Thomas Stevens , born on January 4, 1789 in Enmore, married Ann Locke, who was born 1798, at Cannington in Sommersetshire, March 3, 1819. He was 30 years old, and she was 21. They had nine children, all christened in the Protestant church at Bridgewater, where they then lived. Their oldest son, William, was our great grandfather.

William Stevens and Emma Crowden

Wm Stevens and Emma Crowden were married on June 17, 1845 when he was 26 and she was 22. (See their photos below.) He was born on December 23, 1819, and she on June 17, 1823-both in Bridgewater. They lived in Enmore and Durleigh, Sommersetshire, England. He was a blacksmith by trade and also did some farming. Emma Crowden was first married to William's older brother, Joseph (as he is not listed in the family, he could have been a cousin), in 1842. I have a copy of their marriage; she was listed as a minor, being 19, and he as a bachelor. She signed her name with an "X". He died three years later of pneumonia, leaving her a rather large house in Broomfield. I also have copies of Joseph's death, and a drawing of the house which she rented and sold after she came to Utah.

Emma Crowden Stevens (listed on the copy of marriage license as a widow) married our great grandfather, William, in 1845, at Trinity Church in Bridgewater. Her parents were Isaac and Charlotte Crowden. He was a tailor. William and Emma lived for a while in Durleigh, where their first two children were born. Sarah Anne was born in 1847 and William Henry in 1849. They then moved to Enmore, where three more children were born. Ellen Christina was born in 1851, Simon Percival in 1854, and Emaline Agusta in 1856. They left England with their five children sometime between 1857 and 1859. They landed on the East coast, perhaps either Boston or New York. In the spring of 1860 they started west with an independent company, headed by a Captain Brown. Independent company meant that they were not sponsored by the Mormon Church. There were professional men who know the west and how to organize wagons, supplies, etc. These men were hired by a group to take them west.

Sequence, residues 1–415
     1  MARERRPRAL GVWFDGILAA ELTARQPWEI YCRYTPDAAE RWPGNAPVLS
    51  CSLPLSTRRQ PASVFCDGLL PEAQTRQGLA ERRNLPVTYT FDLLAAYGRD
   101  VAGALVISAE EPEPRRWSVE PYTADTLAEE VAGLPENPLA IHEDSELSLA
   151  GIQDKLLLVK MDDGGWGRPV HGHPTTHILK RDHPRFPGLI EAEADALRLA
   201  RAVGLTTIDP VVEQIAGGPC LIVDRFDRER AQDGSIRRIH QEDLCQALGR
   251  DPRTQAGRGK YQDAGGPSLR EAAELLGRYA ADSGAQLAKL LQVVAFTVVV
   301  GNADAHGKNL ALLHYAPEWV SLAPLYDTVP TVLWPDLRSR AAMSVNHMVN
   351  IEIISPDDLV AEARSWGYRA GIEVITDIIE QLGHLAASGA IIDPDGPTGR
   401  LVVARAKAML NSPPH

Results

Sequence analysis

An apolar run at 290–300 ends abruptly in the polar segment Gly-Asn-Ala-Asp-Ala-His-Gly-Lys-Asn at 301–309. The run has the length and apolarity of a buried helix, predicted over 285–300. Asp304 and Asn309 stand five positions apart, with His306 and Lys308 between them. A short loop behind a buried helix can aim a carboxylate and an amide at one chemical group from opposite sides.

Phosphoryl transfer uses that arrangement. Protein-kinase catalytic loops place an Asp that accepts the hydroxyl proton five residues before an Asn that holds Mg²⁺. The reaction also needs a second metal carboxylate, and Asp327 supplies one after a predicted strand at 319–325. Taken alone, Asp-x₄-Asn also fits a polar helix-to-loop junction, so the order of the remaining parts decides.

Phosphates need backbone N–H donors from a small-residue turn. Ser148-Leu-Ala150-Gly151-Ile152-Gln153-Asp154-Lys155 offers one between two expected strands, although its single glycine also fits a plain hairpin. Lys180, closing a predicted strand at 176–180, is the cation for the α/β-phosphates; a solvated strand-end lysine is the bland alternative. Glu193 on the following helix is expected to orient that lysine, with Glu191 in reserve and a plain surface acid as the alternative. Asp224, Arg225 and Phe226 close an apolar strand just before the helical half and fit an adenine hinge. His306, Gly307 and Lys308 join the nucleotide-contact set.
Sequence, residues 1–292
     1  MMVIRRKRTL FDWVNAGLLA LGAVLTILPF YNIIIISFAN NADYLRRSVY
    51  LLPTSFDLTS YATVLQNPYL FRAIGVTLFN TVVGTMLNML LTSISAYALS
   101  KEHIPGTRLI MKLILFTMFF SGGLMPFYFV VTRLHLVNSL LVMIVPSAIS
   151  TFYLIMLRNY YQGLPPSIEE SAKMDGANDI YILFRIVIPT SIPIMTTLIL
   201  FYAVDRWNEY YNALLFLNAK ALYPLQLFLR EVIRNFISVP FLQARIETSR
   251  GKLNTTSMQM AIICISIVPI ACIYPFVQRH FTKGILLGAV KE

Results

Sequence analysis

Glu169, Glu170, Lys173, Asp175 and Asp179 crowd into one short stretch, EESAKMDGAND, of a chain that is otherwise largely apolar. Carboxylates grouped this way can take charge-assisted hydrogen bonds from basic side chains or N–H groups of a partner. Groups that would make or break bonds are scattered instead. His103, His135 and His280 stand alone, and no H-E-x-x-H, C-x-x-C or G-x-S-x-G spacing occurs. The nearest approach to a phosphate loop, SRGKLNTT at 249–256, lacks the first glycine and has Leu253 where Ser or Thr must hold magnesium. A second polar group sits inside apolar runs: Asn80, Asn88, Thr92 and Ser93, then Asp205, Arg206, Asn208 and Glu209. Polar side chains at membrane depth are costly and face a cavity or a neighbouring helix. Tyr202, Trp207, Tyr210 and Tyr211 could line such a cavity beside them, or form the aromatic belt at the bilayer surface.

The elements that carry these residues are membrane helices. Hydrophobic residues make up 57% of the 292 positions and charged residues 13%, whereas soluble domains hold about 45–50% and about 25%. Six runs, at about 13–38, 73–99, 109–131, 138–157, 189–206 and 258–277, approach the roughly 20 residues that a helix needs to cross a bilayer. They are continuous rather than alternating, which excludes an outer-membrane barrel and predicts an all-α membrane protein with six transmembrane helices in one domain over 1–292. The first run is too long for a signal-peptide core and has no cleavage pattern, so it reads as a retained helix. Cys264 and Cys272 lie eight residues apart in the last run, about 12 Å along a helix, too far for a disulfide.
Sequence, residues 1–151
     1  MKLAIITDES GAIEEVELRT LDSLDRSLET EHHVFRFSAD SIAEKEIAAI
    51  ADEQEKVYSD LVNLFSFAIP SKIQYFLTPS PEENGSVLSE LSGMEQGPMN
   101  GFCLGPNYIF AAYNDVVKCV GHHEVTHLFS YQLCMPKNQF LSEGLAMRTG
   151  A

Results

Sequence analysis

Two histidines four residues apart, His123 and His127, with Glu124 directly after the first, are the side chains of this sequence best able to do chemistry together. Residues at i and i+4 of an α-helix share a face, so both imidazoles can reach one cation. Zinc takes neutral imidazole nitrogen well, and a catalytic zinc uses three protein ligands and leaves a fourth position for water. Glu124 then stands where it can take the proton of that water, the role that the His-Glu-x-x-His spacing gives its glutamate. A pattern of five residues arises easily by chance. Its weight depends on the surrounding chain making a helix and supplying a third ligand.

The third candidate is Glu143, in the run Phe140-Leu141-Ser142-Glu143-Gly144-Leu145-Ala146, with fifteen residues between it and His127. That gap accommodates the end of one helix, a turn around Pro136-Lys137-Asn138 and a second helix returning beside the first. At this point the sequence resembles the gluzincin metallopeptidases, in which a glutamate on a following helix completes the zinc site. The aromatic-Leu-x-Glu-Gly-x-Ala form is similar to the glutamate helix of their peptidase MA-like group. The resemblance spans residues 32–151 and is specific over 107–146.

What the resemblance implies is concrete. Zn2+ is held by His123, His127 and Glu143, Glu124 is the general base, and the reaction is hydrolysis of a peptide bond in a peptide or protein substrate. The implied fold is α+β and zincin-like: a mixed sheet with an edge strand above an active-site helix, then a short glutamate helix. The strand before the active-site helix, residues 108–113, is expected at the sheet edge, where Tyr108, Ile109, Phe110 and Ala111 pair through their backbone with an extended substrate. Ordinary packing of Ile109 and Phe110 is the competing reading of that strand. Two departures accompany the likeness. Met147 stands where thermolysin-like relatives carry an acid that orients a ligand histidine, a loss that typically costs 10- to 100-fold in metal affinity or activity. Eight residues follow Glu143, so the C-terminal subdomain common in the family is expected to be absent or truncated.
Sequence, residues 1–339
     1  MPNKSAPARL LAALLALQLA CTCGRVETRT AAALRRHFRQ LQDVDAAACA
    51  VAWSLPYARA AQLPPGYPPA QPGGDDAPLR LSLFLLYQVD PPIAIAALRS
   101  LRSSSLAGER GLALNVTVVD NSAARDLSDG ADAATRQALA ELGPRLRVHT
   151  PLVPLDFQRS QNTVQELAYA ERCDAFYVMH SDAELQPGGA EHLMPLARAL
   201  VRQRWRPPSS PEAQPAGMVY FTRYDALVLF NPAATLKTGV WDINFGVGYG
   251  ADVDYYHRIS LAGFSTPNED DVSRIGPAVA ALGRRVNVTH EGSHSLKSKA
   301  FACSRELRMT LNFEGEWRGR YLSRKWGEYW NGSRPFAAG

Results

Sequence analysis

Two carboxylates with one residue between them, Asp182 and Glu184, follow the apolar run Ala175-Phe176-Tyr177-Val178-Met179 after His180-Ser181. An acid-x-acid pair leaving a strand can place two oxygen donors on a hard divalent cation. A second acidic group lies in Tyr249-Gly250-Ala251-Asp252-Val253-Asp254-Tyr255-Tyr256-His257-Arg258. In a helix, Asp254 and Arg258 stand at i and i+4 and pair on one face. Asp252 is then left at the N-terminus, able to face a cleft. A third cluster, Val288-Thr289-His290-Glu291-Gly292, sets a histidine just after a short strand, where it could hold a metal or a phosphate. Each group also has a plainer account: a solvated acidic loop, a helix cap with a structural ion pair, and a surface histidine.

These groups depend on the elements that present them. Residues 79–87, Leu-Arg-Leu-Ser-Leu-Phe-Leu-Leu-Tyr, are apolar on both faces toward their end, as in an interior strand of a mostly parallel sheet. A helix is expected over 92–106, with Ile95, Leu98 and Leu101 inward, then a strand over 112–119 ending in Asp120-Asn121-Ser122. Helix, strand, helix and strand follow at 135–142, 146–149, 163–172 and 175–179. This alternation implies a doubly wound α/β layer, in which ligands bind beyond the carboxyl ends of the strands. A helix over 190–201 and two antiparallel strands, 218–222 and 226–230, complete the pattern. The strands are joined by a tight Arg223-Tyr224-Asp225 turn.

Emma was pregnant with her sixth child, and just before they crossed the Platte River, she delivered her child, a son named Theophalus Franklin. The group stopped for half a day, then loaded the mother and child in a wagon. As they crossed the river, the wagon they were in tipped over and the stove fell over them. They were rescued unharmed, and proceeded on their way.


 William Stevens  Emma Crowden

Patriarchal Blessing-William Stevens

Great Salt Lake City Mar 8th 1869
A Blessing given by C W Hyde Patriarch upon the head of William Stevens son of Thomas and Ann Stevens Born Dec 23rd 1819 Bridgewater Somersetshire England.

William I place my hands upon your head and I seal upon you a Patriarchal blessing which shall be sealed in heaven for your good for the eye of the Lord has been upon you from Everlasting had his eye upon you for good and there was joy in heaven when you received this gospel for thou shall become a great counselor in Zion for thou shall have great faith which shall come to you to teach them the way of life and salvation and you shall have visions and dreams to comfort thee while you sojourn in this life.

Thou art of the house of Jacob and a right to the fulness of the Priesthood and a lawful heir to the fulness of the covenant which God made to Abraham and a lawful heir to the Priesthood and gospel with wives and a great kingdom upon the Earth and to bless your posterity after you forever and ever, for thou art a lawful heir as a Patriarch, therefore thou shall have an inheritance in Zion and your table shall be spread with all the bounties of the Earth and you shall feed the three Nephites and you shall converse with them face to face and many of the Holy Prophets since the world began. These blessing I seal upon your head with all your father's household and with Eternal life forever and ever. Amen